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Hurricane Harvey

Alden Bridge Neighbor Mobilized Community To Support Harvey Survivors

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The Woodlands, Texas – “You should see me running this pallet jack,” laughed a multi-tasking Alden Bridge resident Christine Palmer Clinkenbeard. “I didn’t know what a pallet jack was before Hurricane Harvey hit.”

Christine Palmer Clinkenbeard proves that passionate individuals can mobilize a community. On August 25, 2017, as Harvey’s historic decimation began, Clinkenbeard and her 15-year-old daughter started making sandwiches.

“We knew people would be hungry,” she explained. “It was something we could do.”

Clinkenbeard invited friends on social media to help. The next day, she estimates they made and delivered 200 sandwiches a day to survivors in neighborhoods they knew had been hit.

“We made 3,000 sandwiches by the end of the week,” she added that a local church allowed them to use kitchen space. “We were going all over Houston, to Kingwood, anywhere we thought needed help.” Neighbors on Facebook nicknamed her troop the “Clinkenbeard Brigade.”

Looking to help “however we could,” Clinkenbeard, her daughter and friends in the “Clinkebeard Brigade” delivered more than 3,000 sandwiches to cleanup efforts around Houston the first week after Hurricane Harvey. Photo Courtesy of Christine Palmer Clinkenbeard

From Faith Bible Church to Momentum Karate and Fitness, organizations throughout The Woodlands supported her efforts. Neighbors too.

“People started dropping off donations outside the church—diapers, blankets. We had to rent a storage unit.”

Friends and relatives from her hometown in Indiana asked her to set up a PayPal account. “I’ve moved almost $60,000 through that PayPal account since September,” said Clinkenbeard. Soon, the Brigade was going door to door in some of Houston’s worst-hit neighborhoods.

Her Facebook feed is full of photos of truckloads of diapers, food, furniture and sass.

Without 501(c)3 status, she found money for sheetrock and insulation, for an apartment deposit for a single mother of four who could afford her new rent—but not the deposit—after the landlord refused to repair her flooded and moldy home. The only presents under the Clinkenbeard 2017 Christmas tree were for Harvey survivors—and even those were wrapped by her daughter.

 

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During a World Series watch party, neighbors brought thousands of dollars in groceries and supplies for Clinkenbeard to deliver to Harvey survivors. Photo Courtesy of Christine Palmer Clinkenbeard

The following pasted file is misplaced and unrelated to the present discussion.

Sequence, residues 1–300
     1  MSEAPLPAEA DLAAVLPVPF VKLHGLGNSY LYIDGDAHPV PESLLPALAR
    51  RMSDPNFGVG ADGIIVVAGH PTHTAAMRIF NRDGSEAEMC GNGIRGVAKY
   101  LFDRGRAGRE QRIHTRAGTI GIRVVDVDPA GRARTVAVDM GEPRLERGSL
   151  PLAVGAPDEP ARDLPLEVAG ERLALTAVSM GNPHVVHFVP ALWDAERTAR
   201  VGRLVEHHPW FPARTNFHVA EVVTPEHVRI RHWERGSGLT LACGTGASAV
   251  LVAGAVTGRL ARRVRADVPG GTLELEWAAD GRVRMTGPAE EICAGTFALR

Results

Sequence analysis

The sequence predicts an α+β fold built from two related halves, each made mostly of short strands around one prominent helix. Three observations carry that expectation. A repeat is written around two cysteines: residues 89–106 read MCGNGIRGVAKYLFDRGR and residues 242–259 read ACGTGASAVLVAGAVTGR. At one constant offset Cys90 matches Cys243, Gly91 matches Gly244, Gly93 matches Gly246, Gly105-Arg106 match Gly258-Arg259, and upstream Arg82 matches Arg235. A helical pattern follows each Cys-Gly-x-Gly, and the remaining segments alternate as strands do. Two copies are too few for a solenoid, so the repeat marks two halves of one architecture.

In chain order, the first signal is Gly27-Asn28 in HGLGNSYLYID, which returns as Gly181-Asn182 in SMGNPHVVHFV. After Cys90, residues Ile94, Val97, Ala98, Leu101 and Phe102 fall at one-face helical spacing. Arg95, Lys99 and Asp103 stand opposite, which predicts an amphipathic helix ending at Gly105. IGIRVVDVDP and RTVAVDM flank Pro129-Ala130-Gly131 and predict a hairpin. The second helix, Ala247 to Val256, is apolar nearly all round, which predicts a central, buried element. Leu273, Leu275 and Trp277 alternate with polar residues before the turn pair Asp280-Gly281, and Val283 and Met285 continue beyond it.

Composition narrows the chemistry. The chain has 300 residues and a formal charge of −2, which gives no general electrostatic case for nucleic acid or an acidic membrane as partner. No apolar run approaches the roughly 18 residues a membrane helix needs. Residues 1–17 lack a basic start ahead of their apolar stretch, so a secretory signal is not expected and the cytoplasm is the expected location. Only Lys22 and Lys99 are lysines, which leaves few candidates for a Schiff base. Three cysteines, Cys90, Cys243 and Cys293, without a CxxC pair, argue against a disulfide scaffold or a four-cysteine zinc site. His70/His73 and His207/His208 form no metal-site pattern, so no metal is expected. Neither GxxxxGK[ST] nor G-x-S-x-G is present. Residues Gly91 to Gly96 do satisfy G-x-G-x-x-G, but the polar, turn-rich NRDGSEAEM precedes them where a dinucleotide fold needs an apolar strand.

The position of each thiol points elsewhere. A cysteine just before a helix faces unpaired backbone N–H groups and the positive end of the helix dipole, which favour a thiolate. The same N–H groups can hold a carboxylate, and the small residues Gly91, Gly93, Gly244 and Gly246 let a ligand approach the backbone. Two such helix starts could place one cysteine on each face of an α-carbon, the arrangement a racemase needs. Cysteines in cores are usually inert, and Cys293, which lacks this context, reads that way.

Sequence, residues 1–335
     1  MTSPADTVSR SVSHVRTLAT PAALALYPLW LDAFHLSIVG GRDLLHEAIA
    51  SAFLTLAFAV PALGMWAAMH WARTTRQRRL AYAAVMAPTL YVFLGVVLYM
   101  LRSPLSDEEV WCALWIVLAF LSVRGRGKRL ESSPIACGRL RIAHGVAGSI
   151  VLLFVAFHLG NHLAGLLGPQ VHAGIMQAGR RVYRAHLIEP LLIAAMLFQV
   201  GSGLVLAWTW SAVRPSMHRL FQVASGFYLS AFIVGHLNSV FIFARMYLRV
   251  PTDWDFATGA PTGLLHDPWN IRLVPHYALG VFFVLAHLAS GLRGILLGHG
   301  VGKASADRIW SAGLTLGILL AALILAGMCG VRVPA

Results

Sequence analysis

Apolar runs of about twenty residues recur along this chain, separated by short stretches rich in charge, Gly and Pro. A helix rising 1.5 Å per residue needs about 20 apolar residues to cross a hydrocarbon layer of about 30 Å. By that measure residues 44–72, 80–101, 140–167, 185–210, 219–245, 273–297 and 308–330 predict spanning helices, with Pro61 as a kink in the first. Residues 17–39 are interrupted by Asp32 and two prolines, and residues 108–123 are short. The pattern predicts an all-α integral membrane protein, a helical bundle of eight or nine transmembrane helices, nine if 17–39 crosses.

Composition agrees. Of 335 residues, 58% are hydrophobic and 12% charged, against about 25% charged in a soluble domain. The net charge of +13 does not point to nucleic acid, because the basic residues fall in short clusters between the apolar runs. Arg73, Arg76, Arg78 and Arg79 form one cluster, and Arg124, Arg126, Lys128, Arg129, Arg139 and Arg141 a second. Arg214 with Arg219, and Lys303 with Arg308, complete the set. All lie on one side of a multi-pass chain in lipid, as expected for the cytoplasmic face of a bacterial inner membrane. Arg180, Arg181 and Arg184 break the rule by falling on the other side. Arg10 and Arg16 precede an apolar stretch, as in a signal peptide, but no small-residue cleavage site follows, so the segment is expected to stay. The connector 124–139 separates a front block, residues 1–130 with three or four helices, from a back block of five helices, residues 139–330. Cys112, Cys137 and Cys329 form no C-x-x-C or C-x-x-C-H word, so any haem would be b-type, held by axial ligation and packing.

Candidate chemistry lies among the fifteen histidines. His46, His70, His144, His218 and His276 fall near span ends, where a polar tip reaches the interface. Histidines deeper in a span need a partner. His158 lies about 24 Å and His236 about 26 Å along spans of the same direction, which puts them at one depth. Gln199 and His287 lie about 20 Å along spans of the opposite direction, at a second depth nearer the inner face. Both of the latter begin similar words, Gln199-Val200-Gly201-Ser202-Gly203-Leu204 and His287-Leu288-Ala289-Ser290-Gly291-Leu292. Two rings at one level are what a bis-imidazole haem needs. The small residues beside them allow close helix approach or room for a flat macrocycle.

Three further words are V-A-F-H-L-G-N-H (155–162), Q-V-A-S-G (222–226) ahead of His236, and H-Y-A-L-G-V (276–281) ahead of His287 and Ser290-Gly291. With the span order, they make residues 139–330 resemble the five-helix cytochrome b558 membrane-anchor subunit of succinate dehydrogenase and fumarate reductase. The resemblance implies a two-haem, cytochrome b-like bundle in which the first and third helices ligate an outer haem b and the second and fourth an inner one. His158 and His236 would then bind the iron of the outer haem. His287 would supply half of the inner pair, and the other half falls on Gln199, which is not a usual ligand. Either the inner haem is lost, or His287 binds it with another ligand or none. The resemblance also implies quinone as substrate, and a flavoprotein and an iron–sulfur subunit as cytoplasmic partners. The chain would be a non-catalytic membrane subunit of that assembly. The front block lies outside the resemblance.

Like many organizations and non-profits, Clinkenbeard used a triage process to sort through the greatest needs. “I put them out on social media, and people just started dropping things at my door,” she said. “I had to rent two warehouses, there was so much stuff to organize before we could take it downtown.”

Clinkenbeard explained the decimation still facing many residents of Houston’s Fifth Ward.

“A lot of these people could barely pay their bills as it was,” her voice cracked as she outlined the hazardous living environments for many families. “It’s so important to muck out a flooded home right away before mold sets in, but many people couldn’t afford to muck out or left the cabinets and floors because they can’t afford to replace them.”

Clinkenbeard found the entire experience eye-opening, helping her appreciate having a home where her daughter wasn’t developing asthma. “It’s been a painful lesson,” she reflected. “I’ve driven past some of these places a hundred times not realizing there was a whole community I knew nothing about.”

During a World Series watch party, neighbors brought thousands of dollars in groceries and supplies for Clinkenbeard to deliver to Harvey survivors. Photo Courtesy of Christine Palmer Clinkenbeard

After losing a daughter to suicide in 2016 and dealing with health complications for her now-15-year-old, serving others has helped her realize how much she can continue to contribute, and she’s interested in working at a nonprofit. 

On February 22, six months after Hurricane Harvey hit, Clinkenbeard was approached by United Way, the well-known nonprofit, who agreed to take on her mission.

She wrote on Facebook, “I passed the torch. I handed him over 100 intake sheets of those in need, and he vowed to take care of each and every one. With tears streaming down my face, I asked, ‘Are you sure? It’s just been us out there since day one. No one else is helping.’ He responded, ‘Those are days of the past. It’s a new day.’ ”

 

By Sarah Greer Bartnick. Sarah Greer Bartnick covers businesses and events in The Woodlands and provides communication strategy services to local clients. After attending Baylor University, Sarah spent a decade in Washington, DC, as an aide at the White House and U.S. Capitol and as a strategic communication consultant to government clients through a large consulting firm. She lives in The Woodlands with her husband, two young children and Havanese puppy.

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